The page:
World's 10 largest oilfield services companies

Jun 22, 2009 02:00 AM

by Kevin Baxter

It could be argued that the most difficult job in the oil and gas industry is oilfield services. Most oilfields tend to be located in geographically remote areas, and that's before you even start drilling. The logistics required to extract, process and transfer crude oil or gas would make most companies think twice about even entering the business in the first place.
So it was with this in mind that we decided to pay our respects and give you our list of the top 10 world's largest oilfield services companies.

The criteria we have used have been based solely on a company's revenues for 2008. However, there are a couple of anomalies that we should point out.
First of all we decided that we would exclude all NOCs and IOCs.
Second you will notice Fluor finished sixth on the list, but boasts higher revenues than any other company aside from Schlumberger. The simple explanation is that Fluor operates across a number of industries which accounts for its higher revenues.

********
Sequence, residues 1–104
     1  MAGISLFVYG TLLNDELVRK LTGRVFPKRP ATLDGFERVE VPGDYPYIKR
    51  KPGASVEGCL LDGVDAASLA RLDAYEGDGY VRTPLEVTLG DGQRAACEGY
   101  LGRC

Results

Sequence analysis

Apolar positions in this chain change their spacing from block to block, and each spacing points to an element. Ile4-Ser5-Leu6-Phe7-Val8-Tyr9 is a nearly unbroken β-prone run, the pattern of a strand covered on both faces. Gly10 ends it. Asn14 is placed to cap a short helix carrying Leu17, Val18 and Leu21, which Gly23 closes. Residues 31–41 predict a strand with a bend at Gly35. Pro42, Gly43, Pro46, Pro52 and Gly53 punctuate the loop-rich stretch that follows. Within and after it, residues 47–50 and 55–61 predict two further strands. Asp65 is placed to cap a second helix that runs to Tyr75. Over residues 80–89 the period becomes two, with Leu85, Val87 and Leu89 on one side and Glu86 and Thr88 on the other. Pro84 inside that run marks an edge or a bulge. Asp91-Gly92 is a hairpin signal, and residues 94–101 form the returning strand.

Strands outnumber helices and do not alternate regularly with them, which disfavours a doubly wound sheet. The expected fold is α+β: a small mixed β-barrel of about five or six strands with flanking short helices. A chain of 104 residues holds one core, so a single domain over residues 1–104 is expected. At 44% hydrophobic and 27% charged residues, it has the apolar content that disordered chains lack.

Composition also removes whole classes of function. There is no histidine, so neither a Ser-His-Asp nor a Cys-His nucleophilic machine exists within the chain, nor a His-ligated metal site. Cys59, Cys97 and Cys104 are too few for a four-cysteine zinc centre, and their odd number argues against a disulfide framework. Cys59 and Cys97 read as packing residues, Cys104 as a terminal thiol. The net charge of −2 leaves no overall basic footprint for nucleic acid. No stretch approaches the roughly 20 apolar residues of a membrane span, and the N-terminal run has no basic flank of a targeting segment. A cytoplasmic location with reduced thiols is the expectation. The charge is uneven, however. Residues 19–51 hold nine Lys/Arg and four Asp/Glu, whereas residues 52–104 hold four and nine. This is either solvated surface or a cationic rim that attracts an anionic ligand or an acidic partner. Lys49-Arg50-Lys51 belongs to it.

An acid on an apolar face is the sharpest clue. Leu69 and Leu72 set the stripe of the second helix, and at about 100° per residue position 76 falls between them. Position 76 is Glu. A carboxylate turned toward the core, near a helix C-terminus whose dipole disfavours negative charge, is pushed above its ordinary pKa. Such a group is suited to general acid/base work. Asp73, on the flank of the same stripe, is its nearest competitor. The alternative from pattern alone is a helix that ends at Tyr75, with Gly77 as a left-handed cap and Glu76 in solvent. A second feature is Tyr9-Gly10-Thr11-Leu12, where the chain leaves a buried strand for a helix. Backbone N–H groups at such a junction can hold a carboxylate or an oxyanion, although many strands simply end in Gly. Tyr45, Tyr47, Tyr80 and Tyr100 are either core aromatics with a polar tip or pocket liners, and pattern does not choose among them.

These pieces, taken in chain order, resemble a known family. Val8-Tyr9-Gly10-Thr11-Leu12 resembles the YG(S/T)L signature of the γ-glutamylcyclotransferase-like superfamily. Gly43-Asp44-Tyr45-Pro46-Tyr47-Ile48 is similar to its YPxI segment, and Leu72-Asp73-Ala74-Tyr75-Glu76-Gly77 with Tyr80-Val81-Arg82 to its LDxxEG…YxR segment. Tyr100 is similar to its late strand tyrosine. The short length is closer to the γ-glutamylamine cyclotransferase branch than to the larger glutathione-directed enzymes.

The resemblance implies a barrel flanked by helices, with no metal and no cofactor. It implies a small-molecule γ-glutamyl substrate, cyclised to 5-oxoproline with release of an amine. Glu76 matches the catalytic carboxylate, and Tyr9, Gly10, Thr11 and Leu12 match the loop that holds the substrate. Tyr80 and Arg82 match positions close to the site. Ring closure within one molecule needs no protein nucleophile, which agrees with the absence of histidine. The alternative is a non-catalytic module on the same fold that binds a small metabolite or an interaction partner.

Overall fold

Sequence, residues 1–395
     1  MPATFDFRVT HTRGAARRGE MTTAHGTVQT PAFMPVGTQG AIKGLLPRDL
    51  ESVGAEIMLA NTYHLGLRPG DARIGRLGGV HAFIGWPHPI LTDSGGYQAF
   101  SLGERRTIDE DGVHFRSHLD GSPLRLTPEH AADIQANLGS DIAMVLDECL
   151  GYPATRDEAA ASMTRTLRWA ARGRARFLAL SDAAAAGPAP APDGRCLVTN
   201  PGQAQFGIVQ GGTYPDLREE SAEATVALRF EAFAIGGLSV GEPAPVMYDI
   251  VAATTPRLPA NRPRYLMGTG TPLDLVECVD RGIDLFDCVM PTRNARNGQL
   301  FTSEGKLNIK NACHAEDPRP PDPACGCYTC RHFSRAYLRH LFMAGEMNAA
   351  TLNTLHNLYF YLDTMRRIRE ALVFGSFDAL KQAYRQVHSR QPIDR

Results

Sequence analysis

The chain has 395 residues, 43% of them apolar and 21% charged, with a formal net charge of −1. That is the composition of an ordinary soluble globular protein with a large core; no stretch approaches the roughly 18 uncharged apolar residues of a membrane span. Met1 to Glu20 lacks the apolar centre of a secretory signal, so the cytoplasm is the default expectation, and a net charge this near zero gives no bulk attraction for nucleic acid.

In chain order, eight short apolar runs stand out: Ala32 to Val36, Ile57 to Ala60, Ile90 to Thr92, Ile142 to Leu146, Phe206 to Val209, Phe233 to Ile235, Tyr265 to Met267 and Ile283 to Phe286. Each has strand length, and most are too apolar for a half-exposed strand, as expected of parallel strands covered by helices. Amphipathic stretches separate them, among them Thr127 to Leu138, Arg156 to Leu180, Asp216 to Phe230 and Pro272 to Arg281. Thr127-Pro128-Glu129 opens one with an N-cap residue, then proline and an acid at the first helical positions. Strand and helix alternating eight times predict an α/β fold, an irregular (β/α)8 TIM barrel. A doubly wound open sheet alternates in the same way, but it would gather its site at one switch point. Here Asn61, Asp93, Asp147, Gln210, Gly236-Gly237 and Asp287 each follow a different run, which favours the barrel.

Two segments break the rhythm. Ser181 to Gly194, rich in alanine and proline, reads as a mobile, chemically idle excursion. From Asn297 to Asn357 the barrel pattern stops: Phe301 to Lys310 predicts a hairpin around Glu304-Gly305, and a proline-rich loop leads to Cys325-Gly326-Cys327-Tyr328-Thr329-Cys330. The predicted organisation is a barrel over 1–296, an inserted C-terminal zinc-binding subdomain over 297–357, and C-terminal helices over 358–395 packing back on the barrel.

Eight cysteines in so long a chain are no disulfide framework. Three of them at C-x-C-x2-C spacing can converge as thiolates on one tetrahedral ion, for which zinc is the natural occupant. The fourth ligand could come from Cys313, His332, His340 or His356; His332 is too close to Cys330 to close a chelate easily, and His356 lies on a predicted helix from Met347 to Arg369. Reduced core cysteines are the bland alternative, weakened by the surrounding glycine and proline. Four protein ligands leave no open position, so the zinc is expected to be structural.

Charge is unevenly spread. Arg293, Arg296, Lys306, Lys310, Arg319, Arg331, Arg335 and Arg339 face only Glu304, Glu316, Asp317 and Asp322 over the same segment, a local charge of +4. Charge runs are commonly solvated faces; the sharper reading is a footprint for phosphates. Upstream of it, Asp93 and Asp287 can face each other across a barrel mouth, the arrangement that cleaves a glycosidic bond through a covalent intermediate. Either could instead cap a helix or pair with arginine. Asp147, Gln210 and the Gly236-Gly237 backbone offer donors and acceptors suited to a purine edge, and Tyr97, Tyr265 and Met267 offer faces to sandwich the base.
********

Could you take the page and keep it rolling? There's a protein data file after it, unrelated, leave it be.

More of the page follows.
Anyone who is au fait with the oilfield services industry will also notice a few glaring emissions. Where is Bechtel, Samsung Heavy Industries, Chiyoda, Hyundai Heavy Industries, SK Engineering, Technip, Tecnicas Reunidas etc.?
To be honest a few of the above named companies should maybe have made the top 10, but during our research we found it almost impossible to separate the oilfield services side of their businesses from the rest. All we can do is apologise and promise to compile a list of the top 10 oil and gas contractors in the future.

1. Schlumberger
2. Halliburton
3. Saipem
4. Transocean
5. Baker Hughes
6. Fluor
7. Weatherford International
8. BJ Services Company